Tuesday, October 24, 2006

Ar-r-r-r-b, Matey


Aye, the Pirates, they be at it again. This story comes via Minyanville by Jeff Saut of Raymond James with an assist and inspiration from Dr. Robert McHugh. And with the begats done, on with the show:
[W]e still can’t shake the “eerie” feeling that something’s unnatural about the stock market’s action. Yeah, I know that when anyone gets “wrong footed” in the markets there is the tendency to make excuses and my firm has clearly been too cautious.... It’s also worth noting that we’re not conspiracy theorists....

Yet, there remains an eerie “bid” in the equity markets since those July lows.

For example, markets typically rally, then correct by about one-quarter to one-third of that rally’s point gain, before beginning another rally phase. After that phase, they again correct by one-quarter to one-third before re-rallying. This, however, has not been the case recently.

Indeed, every time it looked like the indices were about to correct, mysterious buyers materialized in the futures markets. Those “buyers” tend to widen the futures premiums so far above the cash markets that it attracts arbitrageurs. The arbs, in turn, short the futures and buy the appropriate baskets of stocks.

That operation allows the arbs to “lock in” the spread between the futures price and what they paid for the basket of stocks, assuring them a risk-less profit and, in the process, driving stocks higher.

Evidentially, we are not the only ones that have noticed this “eerie situation” for savvy seer Dr. Robert McHugh (www.technicalindicatorindex.com) recently wrote, as paraphrased by me:
The rally since July has been almost entirely short-covering. We get one big move, about once a week, on buying panic, then no follow-up. . . . Get this: all of the progress of this three-month summer/autumn rally, all of it, occurred in only nine days of trading, and all but one of the nine was a short-covering rally. . . . Other than those nine trading days out of 63 since July 14th, the other 54 days of trading produced only 4% of the upside progress, and zero since July 19th. ZERO . . .!

While my firm can’t tell if those nine sessions were all “short covering,” we did take the time to check Dr. McHugh’s keen insights and found them to be right on point as can be seen in the chart below. Amazingly, those nine sessions [7-19 (+212); 7-24 (+182); 7-28 (+119); 8-15 (+132); 8-16 (+97); 9-12 (+101); 9-26 (+93); 10-4 (+123); 10-12 (96)] accounted for 1155 of the Dow’s 1200-point gain from the July lows.



Even more amazing is that on ALL of those nine trading days, according to our notes, showed that the aforementioned “mysterious” futures buyers were at work with the attendant arbs’ action.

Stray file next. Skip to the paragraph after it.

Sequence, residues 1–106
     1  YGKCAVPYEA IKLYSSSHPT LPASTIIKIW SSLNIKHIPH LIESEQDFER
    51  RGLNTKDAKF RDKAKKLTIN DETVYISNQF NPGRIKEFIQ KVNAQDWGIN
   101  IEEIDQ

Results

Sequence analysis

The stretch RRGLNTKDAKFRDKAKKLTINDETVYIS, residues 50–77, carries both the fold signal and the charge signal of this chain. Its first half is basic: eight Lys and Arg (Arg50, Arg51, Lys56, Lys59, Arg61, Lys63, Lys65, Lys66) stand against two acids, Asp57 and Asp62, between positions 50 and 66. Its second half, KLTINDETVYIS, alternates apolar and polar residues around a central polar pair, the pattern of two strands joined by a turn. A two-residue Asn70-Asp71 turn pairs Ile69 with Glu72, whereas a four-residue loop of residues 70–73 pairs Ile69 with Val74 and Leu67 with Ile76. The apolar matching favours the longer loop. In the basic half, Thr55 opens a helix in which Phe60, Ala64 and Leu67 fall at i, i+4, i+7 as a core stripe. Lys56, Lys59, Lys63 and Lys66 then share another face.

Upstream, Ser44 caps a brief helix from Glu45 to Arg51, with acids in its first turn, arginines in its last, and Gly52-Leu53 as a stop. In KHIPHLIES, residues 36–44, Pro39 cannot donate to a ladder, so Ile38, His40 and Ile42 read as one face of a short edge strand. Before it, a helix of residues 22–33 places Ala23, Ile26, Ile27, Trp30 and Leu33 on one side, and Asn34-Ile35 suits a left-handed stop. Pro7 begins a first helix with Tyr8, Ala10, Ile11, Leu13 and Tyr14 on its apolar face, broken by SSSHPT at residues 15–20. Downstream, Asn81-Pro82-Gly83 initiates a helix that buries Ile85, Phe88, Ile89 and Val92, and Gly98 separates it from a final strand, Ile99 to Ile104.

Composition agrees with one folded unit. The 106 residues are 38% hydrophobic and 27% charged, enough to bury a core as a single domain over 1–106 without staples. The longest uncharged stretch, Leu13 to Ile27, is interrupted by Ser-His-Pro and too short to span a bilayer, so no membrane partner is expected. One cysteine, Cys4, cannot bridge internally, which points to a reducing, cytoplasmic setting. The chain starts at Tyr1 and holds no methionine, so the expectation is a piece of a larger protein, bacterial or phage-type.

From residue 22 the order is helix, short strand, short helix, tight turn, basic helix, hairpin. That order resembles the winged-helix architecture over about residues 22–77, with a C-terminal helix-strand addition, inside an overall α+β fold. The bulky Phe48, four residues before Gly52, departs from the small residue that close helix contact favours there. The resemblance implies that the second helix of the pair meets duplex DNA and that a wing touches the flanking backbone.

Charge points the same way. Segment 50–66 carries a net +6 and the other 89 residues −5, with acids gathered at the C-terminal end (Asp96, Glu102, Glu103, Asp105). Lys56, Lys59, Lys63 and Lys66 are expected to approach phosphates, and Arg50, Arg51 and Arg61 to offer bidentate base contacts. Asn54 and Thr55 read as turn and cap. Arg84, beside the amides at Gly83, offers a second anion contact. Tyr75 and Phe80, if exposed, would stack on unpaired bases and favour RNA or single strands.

When we combine this “mysterious” equity action with the “mysterious” re-balancing of Goldman Sach’s (GS) much institutionally indexed commodity index (GSCI), from a 7.3% gasoline weighting to 2.5% into the November elections, we find ourselves “mysteriously cautious.”

While we don’t trust it, nor understand it, in this business what you see is what you get!

Again this morning those “mysterious buyers” have shown up, lifting the S&P 500 pre-opening futures from down about three points early this morning to nearly even as of this writing. [The Dow busted up just over 100 points early in the session, and then just went sideways the rest of the session, just like the other 9 times.]

So, what seems to be happening is that some seriously big money is setting up some funds for an arbitration play.

The classic arbitration play is considered nearly riskless and, consequently, it doesn't generate a big profit margin, so you have to do it often and in mighty big licks to make any money out of it. For a tutorial and overview of the arbitrage game,
see this explanation from riskglossary.com, and be sure to follow the links to the subtopics.

Arbitrage started out when traders began to perceive mispricing opportunities. But that is so yesterday. Now, the big funds create their own mispricing opportunities.



The thing to note about this surmised strategy is that it is directionally agnostic, in a sense. That is, to the extent that the arbitrage profit is locked in at a significant enough margin to matter, the arbitrageurs don't care which direction the market came from or is going. But the set-up for these (supposed) arbitrage plays does require a rapidly moving market to manufacture the arb-atunity. For "the boys" to push the market, they will try the path of least resistance. Since the move began off noteworthy lows, that path was up.

Their cause was aided by the large portion of the trading crowd that felt the markets were becoming overbought and "due" for a correction. Their short positioning was the fuel that kept the set-up going.


But at some point, the market will get high enough that profit takers and other sellers will step in, and the buyers that get sucked along by the buying strategy will thin out. Then the path of least resistance will be down.


And this is the interesting part. The set-up and arbitrage strategy will make money for the arbs even in a falling market, if it falls fast enough to set up the mispricing.


Therefore, if this really is big money setting up arbitrage opportunities, they can push the market back down just as far and just as fast, and with the same incentive and arbitrage opportunites, as happened on the upside.


There's just nothing that big money can't or won't try to do.

1 Comments:

Anonymous little john said...

fascinating...

if only Jess would care to listen to my account of this tale.

26 October 2006 at 4:24:00 pm GMT+10  

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